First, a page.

Join internationally known artist Beth McCormick in an exploration of the history, variety, and beauty of featherwork in the Pacific Basin. McCormick joins host Manu Josiah and Hālau LeiManu in a family-oriented presentation which blends music, storytelling, science, history, and culture. The one-hour program is on Saturday, February 16, at the Ellison Onizuka Center for International Astronomy Malalo o ka Pō Lani program at 6:00 pm in the facility’s lecture hall.
Hālau members will use hula, stories, and chants to share the Hawaiian perspective on these symbols of prestige and rank, and their use in Hawai`i in ancient times. McCormick will share her research on how cultures around the Pacific Basin have used feathers, her own experience as a feather artist, and perspectives on some directions the art of featherwork is taking for the future.
McCormick is a largely self-taught artist who has spent her life exploring the expressions of spirit in a variety of media. She started as a production craftsman, creating an original line of hand-made jewelry that sold in over 90 shops and galleries. Her artwork ranges from intricate feathered masks and shields, to landscapes and figures rendered in pastels and oils. Her work has been collected internationally, including the Michael Rosenberg Collection in London, and the Chris Hemmeter Collection in Hawaii. Her featherwork can be seen on permanent display at the Hilton Waikoloa, and at the Gallery of Great Things in Waimea. She also works to establish sustainability of the natural world through the Permaculture Foundation of Hawaii, of which she is a founding member.
Those who come to the Maunakea culture night talks should wear layers, including a nice, warm jacket. Socks, shoes, and gloves are recommended. Bring a bottle of water to drink, and a flashlight. Be polite to those who are stargazing and cover the light with a red lens or filter. Tissues for those whose noses run in cold weather are good, as well. Please read this link for more safety information.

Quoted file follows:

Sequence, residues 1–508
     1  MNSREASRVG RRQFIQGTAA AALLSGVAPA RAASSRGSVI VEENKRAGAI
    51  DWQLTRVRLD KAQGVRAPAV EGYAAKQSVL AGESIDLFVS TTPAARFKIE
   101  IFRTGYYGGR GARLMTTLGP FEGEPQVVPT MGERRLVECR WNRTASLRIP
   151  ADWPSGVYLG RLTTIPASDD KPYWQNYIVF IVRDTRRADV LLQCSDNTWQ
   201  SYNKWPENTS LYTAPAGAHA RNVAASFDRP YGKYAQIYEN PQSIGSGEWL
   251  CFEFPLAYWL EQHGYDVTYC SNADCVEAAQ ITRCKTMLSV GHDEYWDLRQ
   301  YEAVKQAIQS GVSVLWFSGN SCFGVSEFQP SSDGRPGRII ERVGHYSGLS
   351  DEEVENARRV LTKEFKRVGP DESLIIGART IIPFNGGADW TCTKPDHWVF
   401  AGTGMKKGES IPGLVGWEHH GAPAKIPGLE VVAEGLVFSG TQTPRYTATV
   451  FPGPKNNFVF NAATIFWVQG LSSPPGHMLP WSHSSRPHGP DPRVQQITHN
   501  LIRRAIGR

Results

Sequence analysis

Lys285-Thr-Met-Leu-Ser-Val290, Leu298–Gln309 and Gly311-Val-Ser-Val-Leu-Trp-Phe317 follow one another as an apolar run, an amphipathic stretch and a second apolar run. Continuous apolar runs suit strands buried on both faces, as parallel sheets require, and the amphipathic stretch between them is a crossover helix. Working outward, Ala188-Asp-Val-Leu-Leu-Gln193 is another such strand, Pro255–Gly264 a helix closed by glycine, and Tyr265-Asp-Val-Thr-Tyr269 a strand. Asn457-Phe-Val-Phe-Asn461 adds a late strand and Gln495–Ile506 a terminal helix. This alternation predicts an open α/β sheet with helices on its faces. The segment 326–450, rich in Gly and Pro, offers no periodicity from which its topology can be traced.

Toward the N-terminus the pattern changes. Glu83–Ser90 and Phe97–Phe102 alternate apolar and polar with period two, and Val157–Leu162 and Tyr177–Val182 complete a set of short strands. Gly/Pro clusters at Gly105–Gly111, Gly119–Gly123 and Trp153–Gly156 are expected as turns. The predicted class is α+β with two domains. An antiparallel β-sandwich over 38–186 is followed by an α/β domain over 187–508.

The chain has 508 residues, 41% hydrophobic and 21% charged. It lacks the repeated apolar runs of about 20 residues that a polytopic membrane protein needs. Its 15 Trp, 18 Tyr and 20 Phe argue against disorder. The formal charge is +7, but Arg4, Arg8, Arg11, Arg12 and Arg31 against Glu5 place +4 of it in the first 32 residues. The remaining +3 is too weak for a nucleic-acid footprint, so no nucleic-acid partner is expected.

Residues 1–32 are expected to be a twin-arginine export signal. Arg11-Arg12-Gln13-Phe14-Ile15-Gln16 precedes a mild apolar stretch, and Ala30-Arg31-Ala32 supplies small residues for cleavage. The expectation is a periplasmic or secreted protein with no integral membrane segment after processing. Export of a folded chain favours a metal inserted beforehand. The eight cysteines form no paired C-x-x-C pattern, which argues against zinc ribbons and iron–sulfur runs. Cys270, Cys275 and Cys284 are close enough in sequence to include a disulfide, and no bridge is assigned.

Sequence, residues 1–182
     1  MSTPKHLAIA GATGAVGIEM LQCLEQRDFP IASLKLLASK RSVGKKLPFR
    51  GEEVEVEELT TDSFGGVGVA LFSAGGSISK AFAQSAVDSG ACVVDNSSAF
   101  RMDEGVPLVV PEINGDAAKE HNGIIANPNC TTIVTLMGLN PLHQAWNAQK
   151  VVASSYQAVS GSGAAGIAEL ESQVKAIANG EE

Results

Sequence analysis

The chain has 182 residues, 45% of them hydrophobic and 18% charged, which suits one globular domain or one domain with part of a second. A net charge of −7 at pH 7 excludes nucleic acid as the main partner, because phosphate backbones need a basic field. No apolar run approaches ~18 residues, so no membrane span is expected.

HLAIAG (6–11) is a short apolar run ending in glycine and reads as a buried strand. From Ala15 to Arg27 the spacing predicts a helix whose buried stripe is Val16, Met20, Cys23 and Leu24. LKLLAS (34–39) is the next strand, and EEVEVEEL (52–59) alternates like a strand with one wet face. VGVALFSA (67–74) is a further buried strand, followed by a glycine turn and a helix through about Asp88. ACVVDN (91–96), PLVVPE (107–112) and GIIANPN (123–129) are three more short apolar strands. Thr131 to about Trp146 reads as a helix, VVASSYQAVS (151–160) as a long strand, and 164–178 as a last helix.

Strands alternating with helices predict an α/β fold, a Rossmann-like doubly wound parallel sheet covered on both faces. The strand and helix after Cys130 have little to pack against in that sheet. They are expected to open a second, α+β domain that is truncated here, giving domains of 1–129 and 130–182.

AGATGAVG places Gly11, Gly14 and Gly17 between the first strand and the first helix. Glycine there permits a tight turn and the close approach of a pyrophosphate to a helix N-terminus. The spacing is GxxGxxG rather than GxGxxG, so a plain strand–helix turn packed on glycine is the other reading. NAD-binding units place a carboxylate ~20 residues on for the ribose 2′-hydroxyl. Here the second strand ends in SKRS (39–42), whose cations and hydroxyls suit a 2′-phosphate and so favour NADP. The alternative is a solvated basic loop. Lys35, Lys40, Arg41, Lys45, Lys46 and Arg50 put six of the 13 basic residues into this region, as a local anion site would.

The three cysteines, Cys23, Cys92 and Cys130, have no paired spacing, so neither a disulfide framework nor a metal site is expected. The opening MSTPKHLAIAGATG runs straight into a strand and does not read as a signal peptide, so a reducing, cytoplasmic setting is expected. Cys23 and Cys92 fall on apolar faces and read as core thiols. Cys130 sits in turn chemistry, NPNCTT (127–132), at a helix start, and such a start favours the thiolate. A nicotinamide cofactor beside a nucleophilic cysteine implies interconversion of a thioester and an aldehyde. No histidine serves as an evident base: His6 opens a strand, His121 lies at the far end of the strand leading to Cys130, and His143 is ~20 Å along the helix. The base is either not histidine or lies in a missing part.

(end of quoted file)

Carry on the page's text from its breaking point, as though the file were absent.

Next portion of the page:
For those unfamiliar with the island, there are no streetlights on the road up the mountain. We must preserve our beautiful dark skies! And, Mauna Kea sticks her head up above the clouds, which means you will be driving through them, so plan for at least an hour of travel time from Hilo. Please read this link for driving information.
Hawai`i is now in Ho`oilo, the stormy winter months, and also Makahiki, the rainy New Year season. On February 10, we begin the Hawaiian month of Kā`elo. The surfing season is coming to a close, as the waves are no longer suitable. Kona (south) winds can bring cold, wet weather which softens the soil and prepares it for planting. The month is said by some to be named for a great farmer who cleared his land in this month. The core of the tree fern starts becoming firm and sweet.
It is winter now, and the snow goddess Poli`ahu may spread her white kapa over Mauna Kea at any time. Those driving up Maunakea for the program should prepare accordingly.
Some prominent stars and constellations this month are: Pūnana (Nest), also known as Hōkū Pa`a (Fixed Star), in English called the North Star; `Iwa Wahine (Lady Frigate Bird), known in English as the Little Dipper; Nā Hiku (The Seven) known in English as the Big Dipper, and Makali`i (Eyes of the Chief), known in English as the Pleiades.
For more information on the Malalo i ka Pō Lani culture night programs at the Onizuka Center for International Astronomy, contact the Mauna Kea Visitor’s Information Station. Phone: (808) 961-2180 Fax: (808) 969-4892.